best for predicting outputs. Independent variables (IVs) can be added one-by-one in order of
which makes the best model for the prediction of the dependent variable (DV). The first IV
absorbs the spurious correlation for size. The process stops when adding a next IV does not
further improve the model.
Lags in time should also be considered. For example, one can expect that research funding
takes some years to result in a scientific paper. There can also be a considerable lag between
the time of patent applications and their grants, and even more from the initial R&D funding
that enabled the invention. However, (except for China) most variables do not change rapidly
from year to year, and strong correlations are obtained, even without lags. A further extension
to ARIMA time-series models (e.g., in SPSS) is not pursued because we would lose the
multivariate perspective and the advantage of stepwise introduction of the independent
variables (cf. Leydesdorff, 1990).
Regression and Interpretation
While causality cannot be asserted from the results of exploring correlations and regression
models, we proceed on the assumption that the input resources that are most predictive of
outputs can be further examined as the most effective investments. For example, a nation‘s
paper share of the OECD+ Group can be predicted as the dependent variable (DV) with a
regression line that accounts for more than 95% of the variation using a single independent
variable (IV): government R&D investment (p < 0.001). A similar regression with two IVs,
the government and industrial funding components, will show that the industrial component is
not significant (p > 0.05) as another IV in comparison. In our opinion, it can then be
suggested that government funding is more important than industrial funding in producing
scientific papers. Such a conclusion also has policy implications.
By regression over the 39 OECD+ countries, Shelton (2008) identified some of the national
inputs that were most important; for example, the number of researchers was not significant
compared to investment. From the structure of the publication process, he built a first model
for individual countries in terms of shares:
mi = kiwi (1)
In Equation 1, mi is the publication share, ki the relative efficiency, and wi the GERD share for
the ith country. This model successfully accounted for the decline of the US and EU after
2000 as being due to China‘s rapidly increasing R&D investments. The relative efficiency ki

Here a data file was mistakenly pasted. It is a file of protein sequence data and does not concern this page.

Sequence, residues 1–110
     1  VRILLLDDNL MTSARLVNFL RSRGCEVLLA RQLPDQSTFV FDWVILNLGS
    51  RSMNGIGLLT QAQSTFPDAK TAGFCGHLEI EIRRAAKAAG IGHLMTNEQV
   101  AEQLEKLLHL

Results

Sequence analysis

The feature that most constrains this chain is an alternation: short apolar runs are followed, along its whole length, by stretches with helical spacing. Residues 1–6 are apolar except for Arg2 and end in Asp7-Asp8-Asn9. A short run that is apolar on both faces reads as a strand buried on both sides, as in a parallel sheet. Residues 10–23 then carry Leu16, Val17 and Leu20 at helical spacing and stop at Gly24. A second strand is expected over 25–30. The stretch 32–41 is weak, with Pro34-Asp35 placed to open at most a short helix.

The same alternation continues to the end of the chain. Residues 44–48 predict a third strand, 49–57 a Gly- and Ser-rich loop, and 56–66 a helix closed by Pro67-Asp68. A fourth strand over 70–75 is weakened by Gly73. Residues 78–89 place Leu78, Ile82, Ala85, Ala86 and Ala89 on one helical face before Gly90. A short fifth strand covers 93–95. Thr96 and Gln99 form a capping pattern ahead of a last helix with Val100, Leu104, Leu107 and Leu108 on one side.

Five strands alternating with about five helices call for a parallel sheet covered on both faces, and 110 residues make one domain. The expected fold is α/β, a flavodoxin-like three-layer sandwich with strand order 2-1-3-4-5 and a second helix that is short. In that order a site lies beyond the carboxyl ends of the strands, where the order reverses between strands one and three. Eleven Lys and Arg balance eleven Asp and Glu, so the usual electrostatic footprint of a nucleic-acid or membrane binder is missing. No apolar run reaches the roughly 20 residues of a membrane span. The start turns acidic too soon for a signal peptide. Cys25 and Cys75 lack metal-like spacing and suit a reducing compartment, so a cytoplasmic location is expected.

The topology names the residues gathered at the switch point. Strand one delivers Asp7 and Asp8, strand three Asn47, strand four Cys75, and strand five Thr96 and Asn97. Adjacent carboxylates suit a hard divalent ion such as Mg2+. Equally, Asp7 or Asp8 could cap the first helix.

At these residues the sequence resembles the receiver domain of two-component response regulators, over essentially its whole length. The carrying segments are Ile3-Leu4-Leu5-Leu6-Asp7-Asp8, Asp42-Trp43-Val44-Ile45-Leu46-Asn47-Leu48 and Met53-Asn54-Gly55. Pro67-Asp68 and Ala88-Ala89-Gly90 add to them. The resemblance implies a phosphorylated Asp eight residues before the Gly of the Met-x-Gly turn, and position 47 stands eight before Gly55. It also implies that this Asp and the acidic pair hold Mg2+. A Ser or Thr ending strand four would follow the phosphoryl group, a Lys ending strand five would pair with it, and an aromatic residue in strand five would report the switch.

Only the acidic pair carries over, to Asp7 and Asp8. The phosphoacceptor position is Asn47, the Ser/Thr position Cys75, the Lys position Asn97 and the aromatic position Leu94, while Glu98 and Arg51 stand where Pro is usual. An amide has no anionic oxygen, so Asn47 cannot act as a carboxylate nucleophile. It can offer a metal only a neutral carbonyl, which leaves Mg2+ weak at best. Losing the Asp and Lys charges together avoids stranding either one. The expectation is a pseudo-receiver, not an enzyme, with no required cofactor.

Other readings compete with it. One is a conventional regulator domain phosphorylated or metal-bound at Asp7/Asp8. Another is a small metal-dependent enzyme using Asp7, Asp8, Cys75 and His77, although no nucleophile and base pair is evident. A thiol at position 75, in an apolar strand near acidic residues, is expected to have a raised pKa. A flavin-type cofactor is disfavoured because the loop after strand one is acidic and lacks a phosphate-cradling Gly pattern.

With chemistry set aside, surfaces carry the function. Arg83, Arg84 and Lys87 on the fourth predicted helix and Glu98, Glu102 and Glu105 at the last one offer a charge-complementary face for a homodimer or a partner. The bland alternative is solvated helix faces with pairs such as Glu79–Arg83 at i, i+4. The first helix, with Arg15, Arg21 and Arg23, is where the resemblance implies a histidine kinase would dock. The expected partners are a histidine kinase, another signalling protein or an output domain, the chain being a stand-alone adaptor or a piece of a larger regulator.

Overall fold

happened to be fairly constant since 1998 for the US, EU, and PRC, permitting useful
forecasts. As noted, Shelton and Foland (2010) used this model to forecast that China would
soon pass the US and EU in papers in the SCI, as it already has in some physical science
Thus, this model suggested that the GERD share has been the driver of changes in paper
share, accounting for the rise of China since 2000 (Moed, 2002; Jin and Rousseau, 2005;
Leydesdorff & Zhou, 2006), and the inevitable associated (but relative) decline of the US and
EU (Leydesdorff & Wagner, 2009b). In this individual country model, the relative efficiency
does vary by country, and by time for some countries—some countries are improving their
relative efficiency (Shelton & Foland 2008).
Europe‘s very high relative efficiency ki, however, remained a puzzle in Shelton‘s original
model, and the model could also not account for the EU passing the US in the mid-1990s.
More accurate models were needed that could account for Europe‘s rapid increase in
efficiency during the 1990s (Foland and Shelton, 2010). Here, those models and similar ones
for patents are presented in more detail. For reasons of comparison, models for paper shares
will be named Mr1, Mr2, etc., while those for patent share will be named Mt1, Mt2, etc.
Results on Publications
First, the method of stepwise inclusion of independent variables into the linear regression
equation will be applied to the problem of predicting the shares of publications of nations, by
searching for the IVs that best account for the dependent output variable (DV), that is, paper
share in the SCI (and SSCI, with fractional counts of articles, conference papers, and
reviews). Table 1 presents the correlations between SCI papers—the dependent variable—and
the IVs considered to orient us in selecting the most useful models. The Scopus data (articles
and reviews, for all fields) are presented only for comparison; the models will be based on the
SCI paper shares (NSB, 2010).
Table 1. Correlations for Papers (N = 39 in the OECD+ set)
1999 2007 1999 2007
Capital vs. Labor
GERD 0.982 0.977 0.977 0.938
Researchers 0.894 0.838 0.842 0.920
Industry 0.973 0.959 0.968 0.920
Government 0.989 0.989 0.986 0.944
Other 0.917 0.948 0.909 0.924
Abroad 0.672 0.657 0.565 0.592
HERD 0.976 0.983 0.977 0.928
BERD 0.980 0.968 0.975 0.927
Non-Profits 0.925 0.975 0.914 0.951
Gov Labs 0.985 0.961 0.984 0.938
All correlations are high and significant partly because the paper output variable and all these
input variables vary with the size of the respective countries. Thus, reasonable models with a
single IV could be constructed from any one of these measures. However, in a linear
regression with two IVs, only the IV with the largest correlation will usually be found to be
significant, since it already accounts for the underlying size factor when introducing second
and next IVs thereafter. For example the 2007 regression based on the capital (GERD) and